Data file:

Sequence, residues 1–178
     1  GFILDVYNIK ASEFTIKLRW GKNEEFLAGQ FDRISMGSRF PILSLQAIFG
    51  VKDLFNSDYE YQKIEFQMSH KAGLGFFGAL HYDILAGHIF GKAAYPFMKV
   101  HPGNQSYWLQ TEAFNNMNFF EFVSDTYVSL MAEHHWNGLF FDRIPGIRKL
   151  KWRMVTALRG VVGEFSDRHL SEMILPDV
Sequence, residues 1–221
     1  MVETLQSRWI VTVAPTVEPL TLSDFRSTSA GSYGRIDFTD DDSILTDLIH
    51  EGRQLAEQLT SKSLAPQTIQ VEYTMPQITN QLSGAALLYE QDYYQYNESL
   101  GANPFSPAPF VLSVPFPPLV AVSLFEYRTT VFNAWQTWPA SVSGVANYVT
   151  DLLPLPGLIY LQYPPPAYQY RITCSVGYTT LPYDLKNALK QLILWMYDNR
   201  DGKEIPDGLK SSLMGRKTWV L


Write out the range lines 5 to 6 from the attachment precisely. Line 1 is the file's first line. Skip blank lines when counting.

   151  KWRMVTALRG VVGEFSDRHL SEMILPDV
Sequence, residues 1–221